Waste not, want not: How to make your Brunch eco-friendly
Many coffee shops have already adopted this policy, whereby customers bring in their own reusable cups and get perks in return. At the forefront of this movement are coffee titans Starbucks - who offer 25p off for those who avoid paper cups and are also going to raise the cost of takeaway cups - and Costa. Pret offer 50p off coffees with reusable cups too. While it may be surprising that huge chains are spearheading this shift, it is owed in part to the fact that eco-friendly beliefs are becoming more widespread, so expect to see this becoming a more widely used policy, plus cheaper coffees for you – it’s a win-win!
Plastic is one of the biggest contributors to our damaged ozone layer. It takes between 100 to 1000 years to break down in a landfill and when they finally do break down, tiny plastic microparticles can end up in the water or food chain. Consumers are increasingly turning to alternative measures to curb the phenomenon and there are many options at hand. At ecostrawz.co.uk, you can pick from stainless steel, bamboo, glass and others for a reasonable price, while Vegware create straws using bioplastic, “a fully compostable material made from corn”, which break down within 12 weeks instead.
The humble doggy bag is your friend. Particularly in the case of bottomless brunches or buffets, people often have eyes bigger than their bellies and pile on the carbs. Get double eco-brownie points by washing and reusing the bags repeatedly. In Scotland, the government provided doggy bags to hundreds of restaurants under the ‘Good to Go’ campaign and reduced customer leftovers by 40%. Once seen as déclassé, the doggy bag is enjoying a renaissance and is one of the more accessible methods of reducing waste available. It also saves you the trouble of cooking from scratch later in the day – quick, cheap and ethical, what more could you want?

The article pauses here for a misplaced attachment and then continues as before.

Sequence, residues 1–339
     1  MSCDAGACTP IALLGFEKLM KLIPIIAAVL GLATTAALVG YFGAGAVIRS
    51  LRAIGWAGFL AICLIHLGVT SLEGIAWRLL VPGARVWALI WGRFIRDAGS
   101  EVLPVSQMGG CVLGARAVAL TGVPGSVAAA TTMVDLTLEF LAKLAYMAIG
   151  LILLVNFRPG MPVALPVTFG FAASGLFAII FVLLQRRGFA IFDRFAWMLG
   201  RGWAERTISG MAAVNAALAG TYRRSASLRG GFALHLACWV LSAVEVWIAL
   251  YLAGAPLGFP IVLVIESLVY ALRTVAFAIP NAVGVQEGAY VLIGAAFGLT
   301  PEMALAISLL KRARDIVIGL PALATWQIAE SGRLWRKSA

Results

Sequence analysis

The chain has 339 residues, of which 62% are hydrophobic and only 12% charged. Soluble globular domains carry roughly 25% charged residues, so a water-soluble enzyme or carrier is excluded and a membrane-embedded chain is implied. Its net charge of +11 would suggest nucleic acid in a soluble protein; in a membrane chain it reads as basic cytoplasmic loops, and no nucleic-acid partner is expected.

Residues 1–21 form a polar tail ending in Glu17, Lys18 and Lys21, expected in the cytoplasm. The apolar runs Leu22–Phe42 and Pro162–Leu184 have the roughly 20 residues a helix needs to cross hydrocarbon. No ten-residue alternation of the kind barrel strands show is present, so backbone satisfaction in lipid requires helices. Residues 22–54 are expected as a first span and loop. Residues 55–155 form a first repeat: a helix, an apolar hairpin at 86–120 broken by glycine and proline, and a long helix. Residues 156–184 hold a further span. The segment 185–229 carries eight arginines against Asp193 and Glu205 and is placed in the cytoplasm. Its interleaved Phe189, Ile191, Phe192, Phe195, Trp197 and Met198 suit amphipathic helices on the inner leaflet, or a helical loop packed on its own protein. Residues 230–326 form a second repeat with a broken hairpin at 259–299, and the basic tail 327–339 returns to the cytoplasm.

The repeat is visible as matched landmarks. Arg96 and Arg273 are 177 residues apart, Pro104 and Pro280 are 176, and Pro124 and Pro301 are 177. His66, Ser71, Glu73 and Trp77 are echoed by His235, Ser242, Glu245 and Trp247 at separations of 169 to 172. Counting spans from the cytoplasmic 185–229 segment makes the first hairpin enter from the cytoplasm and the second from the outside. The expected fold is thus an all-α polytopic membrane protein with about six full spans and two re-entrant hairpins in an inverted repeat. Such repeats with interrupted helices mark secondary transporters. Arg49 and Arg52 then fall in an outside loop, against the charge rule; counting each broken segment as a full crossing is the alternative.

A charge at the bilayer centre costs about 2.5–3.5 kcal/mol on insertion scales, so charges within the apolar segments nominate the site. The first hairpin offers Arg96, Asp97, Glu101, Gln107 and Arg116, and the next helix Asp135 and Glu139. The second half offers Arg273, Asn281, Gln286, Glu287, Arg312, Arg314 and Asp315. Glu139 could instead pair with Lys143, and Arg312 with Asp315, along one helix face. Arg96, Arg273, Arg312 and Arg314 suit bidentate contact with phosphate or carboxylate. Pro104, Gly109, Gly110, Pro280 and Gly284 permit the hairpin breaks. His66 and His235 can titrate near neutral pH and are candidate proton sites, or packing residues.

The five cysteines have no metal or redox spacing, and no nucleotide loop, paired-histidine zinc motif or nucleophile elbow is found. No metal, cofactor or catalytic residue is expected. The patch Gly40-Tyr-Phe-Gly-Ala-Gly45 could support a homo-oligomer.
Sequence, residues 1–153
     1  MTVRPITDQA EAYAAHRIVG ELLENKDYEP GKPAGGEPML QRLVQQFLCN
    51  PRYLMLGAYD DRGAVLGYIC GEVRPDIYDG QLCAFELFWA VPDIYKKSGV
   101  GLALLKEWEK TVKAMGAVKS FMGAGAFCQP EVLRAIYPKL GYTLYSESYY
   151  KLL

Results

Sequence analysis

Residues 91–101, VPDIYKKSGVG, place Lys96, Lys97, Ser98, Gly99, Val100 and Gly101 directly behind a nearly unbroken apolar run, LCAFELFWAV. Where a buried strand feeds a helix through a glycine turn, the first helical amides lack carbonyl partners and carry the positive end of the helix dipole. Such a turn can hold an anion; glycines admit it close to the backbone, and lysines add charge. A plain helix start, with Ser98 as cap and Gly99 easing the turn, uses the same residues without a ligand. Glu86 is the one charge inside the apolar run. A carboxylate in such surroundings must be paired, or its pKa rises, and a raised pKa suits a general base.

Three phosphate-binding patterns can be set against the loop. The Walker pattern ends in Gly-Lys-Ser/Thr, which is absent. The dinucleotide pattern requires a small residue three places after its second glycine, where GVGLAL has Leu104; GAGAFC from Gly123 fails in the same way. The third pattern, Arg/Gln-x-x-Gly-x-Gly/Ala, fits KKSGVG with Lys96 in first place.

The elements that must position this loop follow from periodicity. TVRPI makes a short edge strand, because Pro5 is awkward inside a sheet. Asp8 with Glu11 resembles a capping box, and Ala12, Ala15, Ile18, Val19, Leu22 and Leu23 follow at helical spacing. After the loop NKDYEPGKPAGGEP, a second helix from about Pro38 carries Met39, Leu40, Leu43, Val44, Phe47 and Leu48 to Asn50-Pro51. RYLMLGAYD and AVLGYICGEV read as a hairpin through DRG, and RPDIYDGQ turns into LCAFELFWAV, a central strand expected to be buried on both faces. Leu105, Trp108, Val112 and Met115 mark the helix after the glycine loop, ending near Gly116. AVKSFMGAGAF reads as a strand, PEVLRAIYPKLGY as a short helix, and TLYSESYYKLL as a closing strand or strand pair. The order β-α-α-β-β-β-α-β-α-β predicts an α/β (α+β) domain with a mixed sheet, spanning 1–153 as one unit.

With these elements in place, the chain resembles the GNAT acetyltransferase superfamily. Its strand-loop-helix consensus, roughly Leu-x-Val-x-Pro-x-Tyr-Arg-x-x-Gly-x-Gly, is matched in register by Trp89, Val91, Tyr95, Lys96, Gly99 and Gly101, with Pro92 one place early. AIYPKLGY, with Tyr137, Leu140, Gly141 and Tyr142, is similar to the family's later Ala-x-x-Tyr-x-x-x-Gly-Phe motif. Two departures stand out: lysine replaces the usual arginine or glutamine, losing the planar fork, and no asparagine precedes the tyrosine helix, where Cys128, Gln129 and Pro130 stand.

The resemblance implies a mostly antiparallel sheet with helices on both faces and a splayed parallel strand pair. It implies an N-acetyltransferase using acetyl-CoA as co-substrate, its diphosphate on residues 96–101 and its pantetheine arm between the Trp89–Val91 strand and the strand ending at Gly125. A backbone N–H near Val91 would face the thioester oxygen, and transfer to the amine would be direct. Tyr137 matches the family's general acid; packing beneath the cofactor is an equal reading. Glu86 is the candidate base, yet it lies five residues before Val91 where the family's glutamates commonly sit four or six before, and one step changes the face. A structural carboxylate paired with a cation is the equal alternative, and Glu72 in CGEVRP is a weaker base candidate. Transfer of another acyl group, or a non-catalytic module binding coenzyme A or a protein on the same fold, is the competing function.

Agriculture is one of the leading contributors to global warming, a multi-trillion pound industry that accounts for 13% of greenhouse gases. More and more eateries are sourcing their produce locally with a deeper focus being given to grass-fed and organic foods, promoting the humane treatment of its livestock and building better relationships with local farmers than huge, faceless conglomerates. Seeking out independent businesses and friendly chains that use organic produce is the best way to encourage a shift towards fairer, greener methods. Keep an eye out ‘Sustainability Champion’ badges which are awarded based on categories ranging from food-sourcing to energy efficiency.
Transparent business practices are within our reach, particularly in the British restaurant sector – which historically has consumed £1.3 billion of energy per year – as it becomes increasingly unacceptable to be flippant. Chef and restaurateur Glynn Purnell has made a point of cooking food using induction hobs and dishwashers with heat recovery in a bid to improve his footprint and the rumblings of a shift are spreading like wildfire across the capital, one of the worst contributors in the Western world. By questioning not just the conditions for staff and the sourcing of products, ask what equipment is used and how this can be changed. It’s a simple act of spreading the word.